If you’re familiar with triathlons, you may know that, in addition to age-groups and relay teams, it’s not unusual for there to be a race division referred to as Clydesdale (for men) and Athena (for women). In order to participate in this division, competitors must meet bodyweight requirements, generally 2o0lbs for men and 150lbs for women. This enables heavier athletes to compete and medal in a sport that’s often populated by smaller and lighter racers who have a distinct advantage at speed. In doing so, many individuals who might otherwise not consider such a race can not only get inspired to train, but also benefit from increased fitness levels as a result.

Personally, I think that’s great. But I witnessed something last weekend at a local triathlon that really drove home the concept of  “all athletes not being equal” in the eyes of society.

First, a little background about me, in case you’re new to this blog. It took me until my 40s to figure out that, for many people, the key to losing weight was more than simply the “eat less/move more” strategy that is often espoused by the already-lean. I never had a weight problem, so, obviously, I was an expert on how people should lose weight, right?

Obviously not.

It wasn’t until I was introduced to the concept of weight bias/stigma on both a personal level via friends, and an academic level through research at the Rudd Center for Food Policy and Obesity (Yale University) that I realized not only how widespread anti-obesity bias is, but how acceptable it’s become to berate heavy individuals. It’s probably one of the most pervasive and persistent biases that society holds, and it has been documented throughout history.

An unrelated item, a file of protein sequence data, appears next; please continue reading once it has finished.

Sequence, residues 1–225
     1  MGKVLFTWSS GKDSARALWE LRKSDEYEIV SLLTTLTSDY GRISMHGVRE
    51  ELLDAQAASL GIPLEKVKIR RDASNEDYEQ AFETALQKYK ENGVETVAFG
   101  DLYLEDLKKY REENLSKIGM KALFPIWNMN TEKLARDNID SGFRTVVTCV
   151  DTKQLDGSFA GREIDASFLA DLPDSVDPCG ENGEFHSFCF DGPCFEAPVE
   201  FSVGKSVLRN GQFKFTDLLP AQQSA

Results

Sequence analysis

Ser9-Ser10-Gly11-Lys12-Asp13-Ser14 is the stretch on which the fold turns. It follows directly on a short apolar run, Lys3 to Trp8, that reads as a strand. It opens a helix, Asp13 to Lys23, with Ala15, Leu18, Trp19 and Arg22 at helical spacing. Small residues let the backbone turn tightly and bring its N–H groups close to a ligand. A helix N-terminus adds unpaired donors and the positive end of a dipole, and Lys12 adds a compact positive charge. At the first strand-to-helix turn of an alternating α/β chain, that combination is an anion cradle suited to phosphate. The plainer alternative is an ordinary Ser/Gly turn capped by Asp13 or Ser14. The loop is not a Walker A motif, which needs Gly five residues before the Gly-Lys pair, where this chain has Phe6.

Fast-forward to last weekend. As the racers from the Clydesdale division got into the water prior to their swim, the announcers tried to explain to the spectators what a Clydesdale was. They described the competitors as “not wanting to share their pizza”, and promised them beer at the end of the race, saying “that should keep them motivated.” They giggled about trying to be politically correct in their description of this race division. All this over loudspeakers.

There was more, but I was too shocked to remember it. None of us knows why these individuals are heavier than competitors in other divisions. They are, at least, competing, which is more than I can say for myself, since I was only there to cheer someone else on. No one poked fun about the other race divisions. But comments about stereotypical eating habits of overweight individuals were okay?

If you want to call me hyper-sensitive, stop. After all, if singling out a single group of people based solely on societal biases about their body types were justifiable, why would I care? Especially when I don’t have a weight problem.

But I do have a brain. And a close friend who carried a lot of excess weight due to complex factors, whose attempts to “move more” were met with insults yelled from cars as she walked down the road. I know thin people who are self-conscious about exercising in public — you think someone who’s heavy and been dealing with colorful commentary for most of her life should be able to shrug off invectives?

My guess is, if you’re unsympathetic, it’s because you feel that insults are motivating and that a heavy individual is deserving of verbal abuse. Maybe it’s tied into your feeling that anyone who carries extra pounds is gluttonous, greedy, unmotivated, lacks self-control…and taking that further, is stupid and evil and ugly. History is replete with these types of descriptions.

What if they’re not? What if the reason someone is heavy has nothing to do with personal character?

Ponder that thought. Please.


Here’s a side note: notice that the weight requirements of the Clydesdale/Athena divisions are not particularly high, given the relative size of the current U.S. population. Because of the direction that we’re heading, maintaining our fitness is paramount to keeping ourselves healthy.

Wouldn’t it be a travesty if someone opted NOT to train and NOT to race simply because they feared opening themselves up to ridicule?